Lord of the Flies Book Review

Topics: The Merchant of Venice, Shylock, Usury Pages: 3 (1140 words) Published: August 16, 2010
“My deeds upon my head! I crave the law,
The penalty and forfeit of my bond.”

Good evening Ladies and Gentleman. I expect some of you will have recognised the quote I just presented as Shylock in Act 4 Scene 1 of The Merchant of Venice. This, I’m sure you’ll agree, is one of the most powerful plays ever written. I am Liam Marshall and in my twenty years of experience acting with the Royal Shakespearean Company I have become acutely aware of the worth of William’s work. I am very honoured to have been asked to be here at this gathering of the most eminent literary minds in the English speaking world and even more excited to be presenting to you in the home of English literature, Stratford-upon-Avon. My brief is to provide an analysis of Shakespeare’s infamous, Shylock, a character as misunderstood in the western world as Judas Iscariot. This victim of Elizabethan anti-Semitism has come to represent the vilification of Judaism in the Christian world. BODY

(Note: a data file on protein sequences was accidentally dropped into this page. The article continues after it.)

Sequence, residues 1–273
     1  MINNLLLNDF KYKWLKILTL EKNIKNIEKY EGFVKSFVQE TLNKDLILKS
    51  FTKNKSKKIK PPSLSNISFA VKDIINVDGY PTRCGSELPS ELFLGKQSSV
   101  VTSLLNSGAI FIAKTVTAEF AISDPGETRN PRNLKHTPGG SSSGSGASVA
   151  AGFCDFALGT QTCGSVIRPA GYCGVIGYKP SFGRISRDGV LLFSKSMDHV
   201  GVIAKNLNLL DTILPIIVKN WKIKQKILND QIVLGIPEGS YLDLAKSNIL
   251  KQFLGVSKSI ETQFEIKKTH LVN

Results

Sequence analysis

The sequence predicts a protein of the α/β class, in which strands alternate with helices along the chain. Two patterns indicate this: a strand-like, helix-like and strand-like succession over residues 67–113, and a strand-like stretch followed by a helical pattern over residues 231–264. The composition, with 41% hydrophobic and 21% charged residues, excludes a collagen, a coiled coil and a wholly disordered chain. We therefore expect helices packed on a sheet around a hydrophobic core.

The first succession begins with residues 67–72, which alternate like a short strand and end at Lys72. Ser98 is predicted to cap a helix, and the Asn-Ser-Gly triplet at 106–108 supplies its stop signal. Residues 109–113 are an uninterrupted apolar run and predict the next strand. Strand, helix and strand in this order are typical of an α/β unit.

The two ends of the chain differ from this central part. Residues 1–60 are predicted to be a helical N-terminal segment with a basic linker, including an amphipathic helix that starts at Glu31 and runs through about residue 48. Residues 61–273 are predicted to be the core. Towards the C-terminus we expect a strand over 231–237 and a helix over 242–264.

I will be conducting an in-depth interpretation of the character, Shylock from The Merchant of Venice. Shylock is a Jew and a money lender, and traditionally he is presented as treacherous and greedy. He is linked to many of the play’s themes, such as justice, prejudice and revenge. He controls one of the important plot elements through the forfeiture of Antonio’s bond and his demand for a pound of flesh. Shylock is motivated by revenge against the Christians who have wronged him. He has been shunned by society and forced to live in a ghetto because of his faith and his profession. The loss of his daughter in Act 2 takes a large toll on Shylock and motivates him further to demand the justice Christian men denied him. In Act 1 scene 3 Shylock discusses the bitterness that has against Venetian society, in the speech to Antonio he outlines the wrongs done to him, “you call me misbeliever, cut throat dog, and spit upon my Jewish gabardine”. The court room scene in Act 4 scene 1 leaves the audience with...
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